Zhu Bofang, in Thermal Stresses and Temperature Control of Mass Concrete, 2014

18.5 Cooling by Spraying Fog or Flowing Water over Top of the Concrete Block

18.5.1 Spraying Fog over Top of the Concrete Block

When pouring concrete in summer, it is better to form a foggy insulating layer over the top of the concrete block by spraying fog. This could reduce the direct sunlight so as to lower the surface temperature of the concrete block.

There are arc sprayer, straight tube sprayer, T-shaped sprayer, and axial flow fan sprayer. The former two can be used in large concrete block, and the latter two are suitable for small concrete blocks. The performances of these four kinds of sprayers are shown in Table 18.2.

Table 18.2. Comparison of Performance of Four Kinds of Sprayers

Spraying Equipment Arc Sprayer Tube Sprayer T-Shaped Sprayer Axial Flow Fan Sprayer
Direct use of energy Pressure water, wind Pressure water, wind Pressure water, wind Water, electricity
Performances of spray The fog is dense and the effect of fogging is good, the fogging range is large The fogging range is large, while the effect of fogging is common The fogging range is small, and the effect of fogging is common. More sprayers should be placed in one block The fogging range is small, and the effect of fogging is common. More sprayers should be placed in one block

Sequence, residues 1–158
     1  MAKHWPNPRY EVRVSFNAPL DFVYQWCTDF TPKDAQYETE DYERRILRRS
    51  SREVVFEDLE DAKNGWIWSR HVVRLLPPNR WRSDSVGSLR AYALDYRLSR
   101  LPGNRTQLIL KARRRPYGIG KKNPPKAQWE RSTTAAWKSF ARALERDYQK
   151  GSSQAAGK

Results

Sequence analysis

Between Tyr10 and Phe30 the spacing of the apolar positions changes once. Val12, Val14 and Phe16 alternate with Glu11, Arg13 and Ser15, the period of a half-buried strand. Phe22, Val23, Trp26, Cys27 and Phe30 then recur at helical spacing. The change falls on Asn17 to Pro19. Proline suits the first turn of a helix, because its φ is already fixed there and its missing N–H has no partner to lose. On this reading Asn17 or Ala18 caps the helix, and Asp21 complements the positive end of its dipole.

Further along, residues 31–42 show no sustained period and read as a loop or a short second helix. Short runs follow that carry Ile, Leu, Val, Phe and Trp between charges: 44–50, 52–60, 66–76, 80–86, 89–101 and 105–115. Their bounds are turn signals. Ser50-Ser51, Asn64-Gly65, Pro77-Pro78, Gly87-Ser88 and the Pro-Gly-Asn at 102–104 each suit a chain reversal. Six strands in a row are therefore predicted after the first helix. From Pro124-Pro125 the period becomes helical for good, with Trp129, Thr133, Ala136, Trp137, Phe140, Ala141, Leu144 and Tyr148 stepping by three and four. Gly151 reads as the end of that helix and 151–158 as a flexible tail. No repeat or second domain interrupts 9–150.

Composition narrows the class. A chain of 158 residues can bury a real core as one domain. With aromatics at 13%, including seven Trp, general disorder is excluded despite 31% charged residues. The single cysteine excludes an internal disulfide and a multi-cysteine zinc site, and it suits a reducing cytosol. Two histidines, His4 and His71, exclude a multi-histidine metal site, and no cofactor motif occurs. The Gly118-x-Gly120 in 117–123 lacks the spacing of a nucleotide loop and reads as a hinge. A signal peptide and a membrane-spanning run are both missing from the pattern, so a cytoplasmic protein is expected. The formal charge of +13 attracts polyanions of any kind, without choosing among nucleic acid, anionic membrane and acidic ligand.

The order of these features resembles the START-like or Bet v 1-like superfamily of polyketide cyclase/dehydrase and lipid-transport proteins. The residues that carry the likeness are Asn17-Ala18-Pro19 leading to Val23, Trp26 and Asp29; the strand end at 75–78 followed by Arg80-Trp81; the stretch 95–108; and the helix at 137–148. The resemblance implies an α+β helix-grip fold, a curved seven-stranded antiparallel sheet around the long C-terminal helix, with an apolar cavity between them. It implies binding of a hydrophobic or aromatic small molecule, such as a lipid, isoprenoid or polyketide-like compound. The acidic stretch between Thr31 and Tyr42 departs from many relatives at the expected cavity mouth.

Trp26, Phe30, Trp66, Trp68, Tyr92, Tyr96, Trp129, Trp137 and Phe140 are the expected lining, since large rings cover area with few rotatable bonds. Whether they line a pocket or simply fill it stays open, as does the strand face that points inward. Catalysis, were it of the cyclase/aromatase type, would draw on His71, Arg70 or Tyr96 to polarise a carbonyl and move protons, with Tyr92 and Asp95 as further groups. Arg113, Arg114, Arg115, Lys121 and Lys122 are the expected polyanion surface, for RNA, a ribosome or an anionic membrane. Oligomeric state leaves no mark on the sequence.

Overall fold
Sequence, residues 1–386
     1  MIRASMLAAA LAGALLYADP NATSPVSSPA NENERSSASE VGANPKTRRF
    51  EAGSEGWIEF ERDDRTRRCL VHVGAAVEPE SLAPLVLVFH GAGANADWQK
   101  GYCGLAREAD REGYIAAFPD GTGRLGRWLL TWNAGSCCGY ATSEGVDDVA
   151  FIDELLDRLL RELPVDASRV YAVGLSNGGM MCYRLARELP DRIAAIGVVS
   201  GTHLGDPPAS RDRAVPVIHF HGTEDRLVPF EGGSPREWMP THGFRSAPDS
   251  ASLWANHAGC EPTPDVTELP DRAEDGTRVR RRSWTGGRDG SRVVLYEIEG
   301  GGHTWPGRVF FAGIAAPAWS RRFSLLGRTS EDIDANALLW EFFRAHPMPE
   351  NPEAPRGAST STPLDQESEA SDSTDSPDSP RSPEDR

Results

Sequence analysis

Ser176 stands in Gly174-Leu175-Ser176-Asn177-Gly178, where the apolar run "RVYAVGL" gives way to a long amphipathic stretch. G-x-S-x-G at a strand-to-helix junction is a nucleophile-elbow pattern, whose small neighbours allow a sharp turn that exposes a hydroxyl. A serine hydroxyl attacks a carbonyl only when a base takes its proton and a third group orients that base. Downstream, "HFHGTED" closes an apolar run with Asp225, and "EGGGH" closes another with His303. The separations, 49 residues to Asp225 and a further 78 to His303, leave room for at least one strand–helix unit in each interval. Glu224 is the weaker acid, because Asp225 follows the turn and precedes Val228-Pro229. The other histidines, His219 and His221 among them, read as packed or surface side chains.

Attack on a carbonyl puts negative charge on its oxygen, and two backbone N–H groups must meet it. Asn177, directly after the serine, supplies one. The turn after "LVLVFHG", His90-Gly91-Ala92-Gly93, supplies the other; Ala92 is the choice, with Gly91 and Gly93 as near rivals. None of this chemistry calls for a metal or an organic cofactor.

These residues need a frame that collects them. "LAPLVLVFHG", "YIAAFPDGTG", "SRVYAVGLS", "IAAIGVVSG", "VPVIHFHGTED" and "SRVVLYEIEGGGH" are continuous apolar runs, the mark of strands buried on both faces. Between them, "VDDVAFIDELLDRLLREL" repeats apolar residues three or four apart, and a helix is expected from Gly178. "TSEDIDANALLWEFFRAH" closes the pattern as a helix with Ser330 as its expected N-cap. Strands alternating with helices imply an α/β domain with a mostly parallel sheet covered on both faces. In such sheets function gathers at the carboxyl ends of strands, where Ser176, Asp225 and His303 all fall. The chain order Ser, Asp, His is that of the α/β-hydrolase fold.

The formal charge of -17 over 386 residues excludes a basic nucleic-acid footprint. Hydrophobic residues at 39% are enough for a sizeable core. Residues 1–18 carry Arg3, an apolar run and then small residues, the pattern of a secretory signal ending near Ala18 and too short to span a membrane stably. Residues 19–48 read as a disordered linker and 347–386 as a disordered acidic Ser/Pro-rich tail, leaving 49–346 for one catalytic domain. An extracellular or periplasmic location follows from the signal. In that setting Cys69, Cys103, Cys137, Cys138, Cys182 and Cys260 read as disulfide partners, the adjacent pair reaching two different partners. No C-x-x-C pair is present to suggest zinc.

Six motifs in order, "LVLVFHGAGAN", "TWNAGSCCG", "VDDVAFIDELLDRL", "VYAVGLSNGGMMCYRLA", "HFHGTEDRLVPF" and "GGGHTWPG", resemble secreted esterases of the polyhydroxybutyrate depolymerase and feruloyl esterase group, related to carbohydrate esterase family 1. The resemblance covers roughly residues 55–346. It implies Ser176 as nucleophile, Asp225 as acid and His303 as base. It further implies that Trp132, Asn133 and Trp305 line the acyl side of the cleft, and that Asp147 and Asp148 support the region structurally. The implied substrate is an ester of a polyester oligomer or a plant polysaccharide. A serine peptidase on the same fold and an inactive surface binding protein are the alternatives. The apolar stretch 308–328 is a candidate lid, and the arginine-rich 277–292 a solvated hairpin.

Covering range (m) 5–20 10–20 4–7 6–15
Cooling effect (°C) 3–11 3–6 3–5 3–6

In order to improve the effect of spraying, a fog-spray device was successfully developed and used in the Three Gorges stage II Project. Pressure swirl atomizer atomizes the water into fine droplets, which were then blown onto the surface of the concrete uniformly and formed a fog layer. On one side, the fog droplets would evaporate by absorbing heat; on the other side, the fog layer could reduce the direct sunlight, thereby reducing temperature of the pouring surface. Its working process is as follows.

The pressure water gets into the combined atomizing nozzle through the control valve, the pressure gauge and the filter, and then formed into micro droplets, of which the diameter ranges from 40 to 100 μm. The control valve can adjust the water pressure within 0.3–0.6 MPa, in order to control the atomizing. Oblique flow high-pressure blower generates high-pressure conveying flow, which sends the droplets into the distance. The swinging system, consisting of a low-speed motor, worm gear reducer, eccentric wheel, swing link, and a bracket, drives the fan to reciprocating swing of 3–4 times/minute within 0–90°. The elevation angle bracket installed under the fan, according to the environmental condition, can upgrade the fan within 0–20°.